I think that a lot of people aren't familiar with the USPS website https://www.usps.com/ for their label and packaging needs. You gotta sign up, but that shouldn't be a problem for most. Your delivery postperson might even pic up your outgoing at your house, saving you a trip to the PO.

Every conceivable Priority Mail container, whether flat rate or not, is available for FREE, delivered to your residence.

I hardly use MFRB any more because the Regional A box will hold almost as much AND the price is based on weight and ZIP code. My Regional A boxes often ship for anywhere between $6 and $9. A MFRB is way more costly.
Same way with a Regional B versus a similar FRB.

Jus' sayin ...

Bmi48219
06-12-2018, 09:25 AM
I use USPS Flat Rate boxes a lot. Never a problem until last week. I packed two MFRB's with brass to ship to Albuquerque NM. First I lined boxes with bubble wrap, then brass went into plastic bag, sealed bag and taped box up. I use a lot of reinforced shipping tape, probably cover 70% of the box with it. When done boxes were tight & square with no bulges. One weighed 22 lbs & other was 25 lbs.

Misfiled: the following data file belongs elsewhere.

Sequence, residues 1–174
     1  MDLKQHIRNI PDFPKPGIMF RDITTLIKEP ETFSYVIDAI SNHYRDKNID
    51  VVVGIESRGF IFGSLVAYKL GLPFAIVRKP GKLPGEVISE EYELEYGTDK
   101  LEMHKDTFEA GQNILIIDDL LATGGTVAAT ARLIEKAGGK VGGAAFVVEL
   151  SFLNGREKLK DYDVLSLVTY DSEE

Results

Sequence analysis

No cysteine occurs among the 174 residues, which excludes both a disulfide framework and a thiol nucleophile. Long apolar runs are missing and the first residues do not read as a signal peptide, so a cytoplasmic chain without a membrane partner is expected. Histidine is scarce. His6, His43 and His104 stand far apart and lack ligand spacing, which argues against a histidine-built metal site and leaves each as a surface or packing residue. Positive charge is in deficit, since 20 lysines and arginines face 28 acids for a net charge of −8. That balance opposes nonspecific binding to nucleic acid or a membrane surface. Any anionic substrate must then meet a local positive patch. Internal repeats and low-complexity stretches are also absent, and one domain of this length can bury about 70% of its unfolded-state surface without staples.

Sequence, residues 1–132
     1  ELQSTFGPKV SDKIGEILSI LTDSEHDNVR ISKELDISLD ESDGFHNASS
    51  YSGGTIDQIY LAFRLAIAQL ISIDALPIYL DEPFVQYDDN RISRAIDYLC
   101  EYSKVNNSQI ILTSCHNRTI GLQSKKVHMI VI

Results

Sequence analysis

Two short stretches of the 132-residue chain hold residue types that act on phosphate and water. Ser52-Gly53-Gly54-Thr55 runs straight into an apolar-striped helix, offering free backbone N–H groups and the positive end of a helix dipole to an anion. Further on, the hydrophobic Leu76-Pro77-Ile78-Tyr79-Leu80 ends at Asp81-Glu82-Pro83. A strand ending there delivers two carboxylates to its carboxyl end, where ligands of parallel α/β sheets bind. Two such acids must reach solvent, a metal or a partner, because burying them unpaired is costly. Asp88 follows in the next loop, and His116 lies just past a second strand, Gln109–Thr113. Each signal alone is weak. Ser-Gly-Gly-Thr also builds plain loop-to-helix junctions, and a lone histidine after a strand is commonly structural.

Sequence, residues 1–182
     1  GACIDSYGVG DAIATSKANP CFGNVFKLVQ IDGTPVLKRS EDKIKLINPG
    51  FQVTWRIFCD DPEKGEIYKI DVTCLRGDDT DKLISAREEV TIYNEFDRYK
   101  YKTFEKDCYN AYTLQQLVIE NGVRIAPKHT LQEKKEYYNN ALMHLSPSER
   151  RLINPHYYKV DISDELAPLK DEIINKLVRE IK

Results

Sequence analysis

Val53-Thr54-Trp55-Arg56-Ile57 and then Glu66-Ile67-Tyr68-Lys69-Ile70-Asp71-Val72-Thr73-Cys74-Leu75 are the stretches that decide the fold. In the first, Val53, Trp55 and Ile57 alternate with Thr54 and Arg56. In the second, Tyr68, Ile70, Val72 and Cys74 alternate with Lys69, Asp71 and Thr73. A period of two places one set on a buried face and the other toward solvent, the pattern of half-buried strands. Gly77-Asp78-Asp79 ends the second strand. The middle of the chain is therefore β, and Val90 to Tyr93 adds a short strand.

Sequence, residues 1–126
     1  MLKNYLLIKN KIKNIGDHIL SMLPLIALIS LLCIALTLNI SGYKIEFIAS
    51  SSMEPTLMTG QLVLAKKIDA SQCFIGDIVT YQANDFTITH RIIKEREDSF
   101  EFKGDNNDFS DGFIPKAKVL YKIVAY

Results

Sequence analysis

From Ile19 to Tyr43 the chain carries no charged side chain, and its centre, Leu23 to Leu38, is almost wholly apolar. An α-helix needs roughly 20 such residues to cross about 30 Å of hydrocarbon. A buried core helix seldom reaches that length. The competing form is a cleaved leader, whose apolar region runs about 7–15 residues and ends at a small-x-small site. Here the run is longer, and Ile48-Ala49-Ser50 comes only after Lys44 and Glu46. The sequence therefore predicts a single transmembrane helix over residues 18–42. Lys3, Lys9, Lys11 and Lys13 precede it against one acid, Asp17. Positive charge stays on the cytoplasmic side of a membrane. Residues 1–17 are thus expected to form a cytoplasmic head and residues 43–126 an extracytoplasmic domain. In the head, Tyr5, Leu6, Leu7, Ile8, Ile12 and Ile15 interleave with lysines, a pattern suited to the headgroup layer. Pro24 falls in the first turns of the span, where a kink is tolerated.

Mailed them at local PO no problem. When they arrived in Albuquerque things went downhill fast. The person I mailed the brass to got a Postage Due notice for $91.00. He went to the PO& found out they had enacted a new policy, they would only deliver FRB's that looked the same as the FRB boxes they had on display. No exceptions.
Clearly the packages were mishandled by USPS en route & I'm being penalized for their negligence. The PO refused to budge on the postage due so the brass is on its way back to Fl.
I tried calling USPS but the estimated wait time to speak to someone is 90 + minutes. Filed a complaint on line (the website isn't complaint friendly) and received a 'we're looking into it & will get back to you' email from our FL PO.
The boxes I mailed are pictured below as they looked when the forum member I sent them to went to the Albuquerque PO to try negotiating their release.
The employees at our local PO have always been helpful. Sounds like each PO can make their own policies. If their decision goes against me, my next step is to contact the Regional Postal Inspector. In my opinion, demanding $91.00 additional to deliver the two boxes is plain old extortion.

221979

RogerDat
06-18-2018, 06:31 PM